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also not sufficient to stimulate cyclin D2 gene expression [51,78]. Induction of cyclin D2 protein and mRNA in response to FSH plus activin is abrogated upon transduction (as an adenoviral vector) of a constitutively active FOXO1 mutant [51], in which the three Akt phosphorylation sites were mutated to Ala [82]. This constitutively active FOXO1 mutant readily bound cyclin D2 promoter DNA, as detected in ChIP assays, and was not displaced in cells treated for 1h with FSH plus activin [51]. This result provides additional support for the hypothesis that nonphosphorylated FOXO1 functions to repress cyclin D2 in granulosa cells and that Aktdependent phosphorylation excludes FOXO1 from the cyclin D2 promoter. Suppression of cyclin D2 promoter activity by constitutively active FOXO1 mutant in cells treated with FSH plus activin was prevented [51] by introduction of an additional mutation in the DNA binding domain of FOXO1 which prevented binding of FOXO1 to DNA [82], resulting in expression of cyclin D2 protein. These results suggest that FOXO1 suppression of cyclin D2 promoter requires binding of FOXO1 to the cyclin D2 promoter and is not mediated via a proteinprotein interaction. The requirement for both activin and FSH to activate the cyclin D2 gene indicates that acute relief from FOXO1 repression upon FSH activation of Akt is not sufficient and that additional positive signals from activin are necessary to activate the cyclin D2 gene. We noted that while phosphorylation of Akt and FOXO1 in FSH-treated cells is transient and returns to basal levels of vehicle-treated cells by 24h, phosphorylation of Akt and FOXO1 is prolonged for at least 24h in the presence of FSH plus activin [51]. Transduction of granulosa cells with a dominant negative Smad3 mutant, in which the C-terminal activin type I receptor phosphorylation sites [83] are deleted, blocked the persistent phosphorylation of Akt and FOXO1 at 24h post addition of FSH plus activin and abrogated the induction of cyclin D2 despite normal phosphorylation of FOXO1 at 1h [51]. These results suggest that persistent phosphorylation of FOXO1 is necessary for activation of the cyclin D2 gene. However, persistent FOXO1 phosphorylation is not sufficient based on results showing that addition of constitutively active Akt (as a adenoviral vector) in the presence of FSH does not activate the cyclin D2 gene [33]. It is likely that in addition to prolonged relief from FOXO1 repression, activation of the cyclin D2 gene requires activin- dependent Smad3 binding to either the cyclin D2 promoter or to regulate coactivator or transcription factor association [84] with the cyclin D2 promoter. It is also likely that additional positive signals generated by FSH potentially via CREB [85] and/or pathways that lead to Myc expression [86] are required to activate cyclin D2 gene expression, as occurs in other cells. However, signals from the ERK pathway, either acutely in response to FSH or more long term in response to increased expression of epiregulin and consequent activation of the EGFR (reviewed in [15]), do not contribute to increased protein expression of cyclin D2, based on the inability of the EGFR inhibitor AG1478 (which also inhibits FSH-stimulated ERK activation [27]) to affect cyclin D2 expression in cells treated with FSH plus activin [51]. While FSH alone promotes activation of a number of differentiation target genes in granulosa cells, such as aromatase, inhibin-, epiregulin, LH receptor, and SCC, as previously reviewed, addition of activin plus FSH enhances expression of these genes over levels seen with FSH alone [51,78] and promotes expression of nuclear receptors SF-1 and LRH-1; and these effects are abrogated by transduction of cells with dominant negative Smad3 mutant [51]. In contrast to the induction of cyclin D2, activation of the differentiation target genes (inhibin-, aromatase, and the LH receptor) is mimicked by FSH plus constitutively active Akt [33], suggesting that persistent relief from FOXO1 repression, in addition to other positive signals initiated by FSH via CREB, etc., is sufficient and that Smad3 binding to promoters is not necessary to activate these genes. Rather, the activin/Smad3 contribution to activation of the differentiation target genes appears to be from prolonged Akt/FOXO1 phosphorylation. Indeed, our results show that active FOXO1 suppresses aromatase, inhibin-, epiregulin, SCC, SF-1, and LRH-1, based on the ability of constitutively active FOXO1 to abrogate or reduce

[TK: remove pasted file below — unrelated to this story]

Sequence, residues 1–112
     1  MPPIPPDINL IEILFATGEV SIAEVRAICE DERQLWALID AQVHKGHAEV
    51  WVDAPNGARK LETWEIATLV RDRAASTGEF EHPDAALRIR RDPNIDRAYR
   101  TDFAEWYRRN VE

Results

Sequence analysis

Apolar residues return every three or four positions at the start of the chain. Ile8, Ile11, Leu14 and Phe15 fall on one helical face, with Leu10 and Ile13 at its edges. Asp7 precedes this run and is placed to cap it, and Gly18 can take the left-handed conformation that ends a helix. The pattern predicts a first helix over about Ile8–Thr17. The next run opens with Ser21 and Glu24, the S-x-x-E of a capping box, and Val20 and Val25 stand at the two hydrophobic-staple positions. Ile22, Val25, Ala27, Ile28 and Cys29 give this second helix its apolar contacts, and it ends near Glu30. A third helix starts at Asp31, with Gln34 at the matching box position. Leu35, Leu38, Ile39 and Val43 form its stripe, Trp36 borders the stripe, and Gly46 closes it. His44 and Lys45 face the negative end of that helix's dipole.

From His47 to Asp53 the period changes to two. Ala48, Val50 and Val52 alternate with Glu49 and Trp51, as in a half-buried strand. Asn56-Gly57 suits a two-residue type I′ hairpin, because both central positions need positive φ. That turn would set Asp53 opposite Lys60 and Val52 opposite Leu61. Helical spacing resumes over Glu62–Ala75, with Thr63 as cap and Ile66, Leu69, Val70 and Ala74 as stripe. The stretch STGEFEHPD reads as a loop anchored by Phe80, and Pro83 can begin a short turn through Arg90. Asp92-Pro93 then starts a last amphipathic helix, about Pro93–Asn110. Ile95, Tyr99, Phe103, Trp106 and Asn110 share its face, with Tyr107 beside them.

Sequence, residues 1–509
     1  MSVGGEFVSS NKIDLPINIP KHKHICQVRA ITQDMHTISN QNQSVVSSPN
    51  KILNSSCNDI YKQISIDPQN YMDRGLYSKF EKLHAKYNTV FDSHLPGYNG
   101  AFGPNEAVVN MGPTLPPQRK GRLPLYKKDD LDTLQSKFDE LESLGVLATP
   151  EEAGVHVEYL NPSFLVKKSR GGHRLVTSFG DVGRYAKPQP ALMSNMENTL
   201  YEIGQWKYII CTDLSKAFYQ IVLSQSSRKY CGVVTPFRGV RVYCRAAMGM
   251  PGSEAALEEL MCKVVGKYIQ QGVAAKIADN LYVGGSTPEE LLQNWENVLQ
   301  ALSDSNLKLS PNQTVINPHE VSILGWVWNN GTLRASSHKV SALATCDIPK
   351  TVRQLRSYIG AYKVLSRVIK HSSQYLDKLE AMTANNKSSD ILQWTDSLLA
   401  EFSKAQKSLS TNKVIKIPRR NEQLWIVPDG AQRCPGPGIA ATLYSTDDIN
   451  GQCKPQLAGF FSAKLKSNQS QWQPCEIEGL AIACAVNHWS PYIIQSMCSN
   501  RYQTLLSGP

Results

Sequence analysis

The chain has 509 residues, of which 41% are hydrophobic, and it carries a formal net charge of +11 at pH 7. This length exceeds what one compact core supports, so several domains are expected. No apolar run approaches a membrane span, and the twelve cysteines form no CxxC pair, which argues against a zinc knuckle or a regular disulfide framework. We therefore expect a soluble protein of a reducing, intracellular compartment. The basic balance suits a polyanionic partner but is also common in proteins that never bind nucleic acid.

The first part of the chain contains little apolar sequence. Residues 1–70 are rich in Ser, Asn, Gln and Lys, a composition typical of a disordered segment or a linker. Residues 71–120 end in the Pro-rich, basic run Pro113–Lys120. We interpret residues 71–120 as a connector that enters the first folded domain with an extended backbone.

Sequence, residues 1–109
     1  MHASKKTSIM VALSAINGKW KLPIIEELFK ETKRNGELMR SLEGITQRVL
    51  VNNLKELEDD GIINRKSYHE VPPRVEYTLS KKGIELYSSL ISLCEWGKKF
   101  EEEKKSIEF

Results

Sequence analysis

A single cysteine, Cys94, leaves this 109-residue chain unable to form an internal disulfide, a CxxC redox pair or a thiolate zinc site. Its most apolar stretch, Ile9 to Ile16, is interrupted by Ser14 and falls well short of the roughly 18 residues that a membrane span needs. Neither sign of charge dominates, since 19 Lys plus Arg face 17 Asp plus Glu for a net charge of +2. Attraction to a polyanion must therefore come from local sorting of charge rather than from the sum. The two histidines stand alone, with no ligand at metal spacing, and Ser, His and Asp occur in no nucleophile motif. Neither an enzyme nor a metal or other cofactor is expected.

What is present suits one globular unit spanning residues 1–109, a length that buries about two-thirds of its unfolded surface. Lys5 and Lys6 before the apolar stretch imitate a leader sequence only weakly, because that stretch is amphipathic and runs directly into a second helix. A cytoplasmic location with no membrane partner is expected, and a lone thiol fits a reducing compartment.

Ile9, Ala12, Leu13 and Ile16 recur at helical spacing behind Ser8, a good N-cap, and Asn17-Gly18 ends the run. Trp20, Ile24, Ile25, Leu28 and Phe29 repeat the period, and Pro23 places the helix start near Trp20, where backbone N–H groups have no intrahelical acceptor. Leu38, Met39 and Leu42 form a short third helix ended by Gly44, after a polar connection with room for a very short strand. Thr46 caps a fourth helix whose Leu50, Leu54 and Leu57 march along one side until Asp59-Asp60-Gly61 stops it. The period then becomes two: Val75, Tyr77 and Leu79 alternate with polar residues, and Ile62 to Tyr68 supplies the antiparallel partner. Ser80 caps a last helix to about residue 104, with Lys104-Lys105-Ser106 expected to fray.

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activation of these genes in granulosa cells treated with FSH plus activin [51]. It is not known if FOXO1 binds directly to promoters of these target genes or whether repression is indirect. However, enhanced expression of these genes in the presence of activin could reflect increased expression of the potentially limiting transcription activator SF-1, which is required to activate each of these targets [37,5052]. Taken together, these results suggest FOXO1 is a general repressor of FSH target genes. The mechanism by which FOXO1 represses target genes other than cyclin D2, and identification of additional FOXO1 targets in granulosa cells, awaits additional investigation. It is interesting that FOXO3a appears to serve an equivalent function in primordial follicles, based on evidence that FOXO3a null mice exhibit global maturation of primordial follicles and resulting follicle depletion [87]. Unfortunately, FOXO1 null mice die at embryonic day 10.5 [88]. 4.2.2. TuberinA second Akt target that regulates cell growth and proliferation is tuberin. Tuberin, also known as tuberous sclerosis complex 2 (TSC2), is complexed with hamartin, or TSC1, and the TSC complex is a negative regulator of cell growth and translation (reviewed in [89,90]. In the absence of Akt phosphorylation, tuberin functions as a GTPase activating protein (GAP) for the small G protein ras-homologue enriched in brain (Rheb), resulting in the accumulation of RhebGDP (reviewed in [89]). Upon Akt-dependent phosphorylation of tuberin, the GAP activity of tuberin is inhibited, RhebGTP accumulates, and RhebGTP via an unidentified mechanism promotes activation of the Ser/Thr kinase mammalian target of rapamycin (mTOR) (see Fig. 2). mTOR then phosphorylates both p70S6K and 4E-binding protein (BP)1 to enhance translation. Upon phosphorylation, p70S6K phosphorylates the 40S ribosomal protein S6, and 4E-BP1 releases eukaryotic initiation factor (eIF) 4E, the rate-limiting protein in translation of mRNAs with a 5 methyl cap structure (reviewed in [89]). We have shown in granulosa cells that FSH stimulates the phosphorylation of tuberin, p70S6K, and S6 protein; phosphorylation is rapid and detected by 10min and peaks at 1h post FSH [16]. Phosphorylation of 4E-BP1 is also detected [16]. Phosphorylation of these proteins in granulosa cells is mimicked by forskolin and 8-chlorophenylthio-cAMP and by IGF-1 as well as by injection of PMSG into rats [16]. The linear order of the components of the pathway is evidenced by the abilities of the mTOR inhibitor rapamycin to abrogate and of the farnesyl transferase inhibitor FTI-277 of Rheb to reduce FSH-stimulated phosphorylation of p70S6K and S6 protein without affecting upstream protein phosphorylations [16]. Based on the functions of this pathway in other cells, it is expected that mTOR activation is required for granulosa cells to grow in size and mass following cell division and that this pathway enhances translation of newly synthesized mRNAs as well as of preexisting mRNAs. That the mTOR pathway is necessary at least for activation of a subset of FSH-regulated differentiation target genes is evidenced by results showing that the mTOR inhibitor rapamycin abrogates induction by FSH of MAP2D and RII proteins as well as activation of LH receptor-, inhibin--, and VEGF-promoter-reporter activities [16]. One of the mRNAs whose translation is enhanced upon activation of the tuberin/mTOR pathway in granulosa cells is that for HIF-1 [16]. HIF-1 is the dimeric binding partner of HIF-1 and together they form HIF-1, a member of the basicloophelixPer/Arnt/Sim family of transcription factors (reviewed in [91,92]). HIF-1 is constitutively expressed by most cells while HIF-1 is generally translated but very rapidly degraded under normal oxygen concentrations (T~5min) via the proteosomal pathway following posttranslational modifications that are oxygen-regulated (reviewed in [91]). Under hypoxia, HIF-1 protein is stabilized, HIF-1 dimerizes with HIF-1 to bind to hypoxia response elements (HREs) to activate a number of genes, such as VEGF, glucose transporters, IGF-BPs, lactic dehydrogenase, erythropoietin, etc., that allow cells to function with depressed levels of